|Voters mull upcoming Beloit school referendum|
|Written by Dennis Hines/Stateline News|
|Thursday, 15 March 2012 15:40|
Parents listen to a presentation about the $70 million Beloit school referendum during a meeting March 8 at Converse Elementary School. Dan Plutchak/staff.
BELOIT — Officials from the School District of Beloit feel now is the time to act on a major renovation and reconfiguration in the district.
Others in the community aren’t so sure.
The $70 million referendum on the April 3 ballot would fund renovations and added space at Converse, Gaston, Hackett, Cunningham, Merrill, Robinson and Todd elementary schools, as well as Beloit Memorial High School.
(Analysis: Sorting through the pros and cons) (Read this and more stories from the March 18, 2012 Stateline New HERE.)
“We’re trying to hit the facility needs we have for the majority of the buildings in the district,” said Superintendent Steve McNeal. “In the referendum, we will be able to address all the specific maintenance needs like the roofing, heating and air conditioning and windows at each of our primary buildings, which are pre-K through third grade.”
The plan also includes adding a new swimming pool at Beloit Memorial High School and renovating the existing swimming pool into a fitness center. McNeal said the pool leaks about 500 gallons a day and cannot be used for home or conference meets. The tennis courts also would be replaced.
But as important as the renovations are, the referendum also would allow the district to proceed with a long-planned reconfiguration that would group students in six pre-kindgarten through third-grade schools and four intermediate schools for fourth- through eighth-grade students.
District officials and parents have been holding meetings throughout the district to explain the plan.
Rick and Carol Rochester will have two children attending Converse Elementary School next year, and for them, the upcoming school referendum is about their kids.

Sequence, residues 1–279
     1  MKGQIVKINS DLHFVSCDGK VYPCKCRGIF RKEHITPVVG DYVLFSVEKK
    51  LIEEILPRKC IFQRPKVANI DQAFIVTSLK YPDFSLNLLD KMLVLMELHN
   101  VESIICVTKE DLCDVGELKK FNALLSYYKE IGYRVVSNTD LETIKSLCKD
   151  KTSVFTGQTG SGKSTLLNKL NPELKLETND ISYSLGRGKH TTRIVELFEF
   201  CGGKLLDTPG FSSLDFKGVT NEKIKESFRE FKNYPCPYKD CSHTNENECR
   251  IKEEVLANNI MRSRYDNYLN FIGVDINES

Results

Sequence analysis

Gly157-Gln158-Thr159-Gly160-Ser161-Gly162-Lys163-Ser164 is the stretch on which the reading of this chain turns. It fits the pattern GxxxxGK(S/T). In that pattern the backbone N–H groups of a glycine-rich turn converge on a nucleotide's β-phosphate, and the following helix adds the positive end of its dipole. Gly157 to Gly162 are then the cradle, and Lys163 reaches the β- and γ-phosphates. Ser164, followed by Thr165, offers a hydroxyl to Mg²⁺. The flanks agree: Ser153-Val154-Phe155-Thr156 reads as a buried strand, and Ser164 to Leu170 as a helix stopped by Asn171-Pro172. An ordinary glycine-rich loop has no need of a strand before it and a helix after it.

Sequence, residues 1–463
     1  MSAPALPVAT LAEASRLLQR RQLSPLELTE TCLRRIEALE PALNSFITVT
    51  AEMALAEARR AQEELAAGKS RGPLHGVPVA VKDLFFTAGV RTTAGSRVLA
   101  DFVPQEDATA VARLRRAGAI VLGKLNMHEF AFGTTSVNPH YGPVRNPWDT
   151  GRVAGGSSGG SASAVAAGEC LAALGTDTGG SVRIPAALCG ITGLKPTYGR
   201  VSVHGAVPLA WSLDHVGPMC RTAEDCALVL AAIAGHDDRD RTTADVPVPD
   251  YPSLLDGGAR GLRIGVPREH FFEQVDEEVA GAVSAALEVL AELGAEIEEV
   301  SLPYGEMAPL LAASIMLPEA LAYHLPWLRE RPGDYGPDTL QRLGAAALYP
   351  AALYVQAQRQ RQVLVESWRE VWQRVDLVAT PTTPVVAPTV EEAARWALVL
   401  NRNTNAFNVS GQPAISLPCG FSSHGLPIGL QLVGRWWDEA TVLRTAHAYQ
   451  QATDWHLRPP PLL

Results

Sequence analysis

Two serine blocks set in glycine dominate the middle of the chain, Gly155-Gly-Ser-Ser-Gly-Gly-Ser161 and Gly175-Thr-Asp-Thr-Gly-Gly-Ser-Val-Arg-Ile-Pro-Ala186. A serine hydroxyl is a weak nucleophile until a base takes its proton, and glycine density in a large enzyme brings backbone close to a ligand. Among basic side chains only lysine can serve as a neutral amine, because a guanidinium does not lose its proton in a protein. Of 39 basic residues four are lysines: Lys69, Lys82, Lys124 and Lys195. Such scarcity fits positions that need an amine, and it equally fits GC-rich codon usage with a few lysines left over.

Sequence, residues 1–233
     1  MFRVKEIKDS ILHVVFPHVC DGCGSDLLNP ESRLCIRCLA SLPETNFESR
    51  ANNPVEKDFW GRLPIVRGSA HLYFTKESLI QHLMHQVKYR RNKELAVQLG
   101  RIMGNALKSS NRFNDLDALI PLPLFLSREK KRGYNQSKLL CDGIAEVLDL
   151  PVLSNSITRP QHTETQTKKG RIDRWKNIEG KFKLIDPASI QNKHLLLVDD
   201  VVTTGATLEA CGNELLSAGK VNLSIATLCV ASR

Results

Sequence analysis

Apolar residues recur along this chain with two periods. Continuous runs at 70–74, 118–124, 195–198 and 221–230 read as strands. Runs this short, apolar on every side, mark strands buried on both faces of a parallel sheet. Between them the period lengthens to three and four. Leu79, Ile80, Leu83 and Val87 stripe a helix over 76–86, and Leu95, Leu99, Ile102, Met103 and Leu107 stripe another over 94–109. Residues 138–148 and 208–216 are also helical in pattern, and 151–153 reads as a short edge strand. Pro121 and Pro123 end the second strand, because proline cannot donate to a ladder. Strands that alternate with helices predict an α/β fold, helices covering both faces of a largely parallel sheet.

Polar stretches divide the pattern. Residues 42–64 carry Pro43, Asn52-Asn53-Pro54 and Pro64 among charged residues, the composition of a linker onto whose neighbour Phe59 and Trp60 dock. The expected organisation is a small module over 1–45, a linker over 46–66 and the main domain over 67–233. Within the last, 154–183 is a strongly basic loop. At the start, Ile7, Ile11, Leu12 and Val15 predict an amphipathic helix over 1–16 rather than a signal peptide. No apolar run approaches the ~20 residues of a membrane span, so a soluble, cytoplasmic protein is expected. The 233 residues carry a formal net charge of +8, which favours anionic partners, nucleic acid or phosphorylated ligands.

The Rochesters, who attended a meeting March 8 at Converse Elementary School, say they are concerned that there still are many unanswered questions involving the reconfiguration plan, including how it will affect Converse during construction and remodeling.
Either way, they are leaning toward voting for the plan.
“I’m going to vote yes because of the kids,” Carol Rochester said, “but I’m not sure it will pass.”
Despite the potential disruptions during construction and remodeling, Antonia Vargas, who has students at Converse and McNeel Middle School, also is a supporter.
“I think it’s going to be a great thing for the school district to do this,” she said.
Aldrich and McNeel middle schools and Cunningham Elementary School would be converted to intermediate schools. A fourth intermediate school would be constructed on the east side and would replace Morgan Elementary School.
Royce, McLenegan, Wright and Burdge elementary schools would be retired, along with the Kolak Center. McNeal said the reconfiguration would save the district about $2.3 million a year.
If the referendum is approved, the renovation and construction projects would begin as soon as possible.
Although the referendum asks for $70 million, taxpayers won’t be on the hook for nearly that much.
As a low property value district, the state will subsidize 64 percent of the cost, or roughly $45 million.
That would leave the remaining $25 million to be paid by local taxpayers.
The cost to the average homeowner would be $5.63 a month, or $67.50 a year, for a resident who owns a $75,000 home.
Matt Roegner of Imagine Beloit, the group that is promoting the referendum, said now is a good time for the district to place a referendum on the ballot when interest rates and construction costs are low.
“We’re fighting against time here,” Roegner said. “We have rising interest rates forecasted in the economy. The economy is starting to perform again, and interest rates are starting to go up, and construction costs and material costs are going up. If this gets delayed and interest rates go up, you’re talking $700,000 in additional interest costs in the first year alone. So, a delayed referendum could potentially cripple the referendum’s ability to service what we need to service.”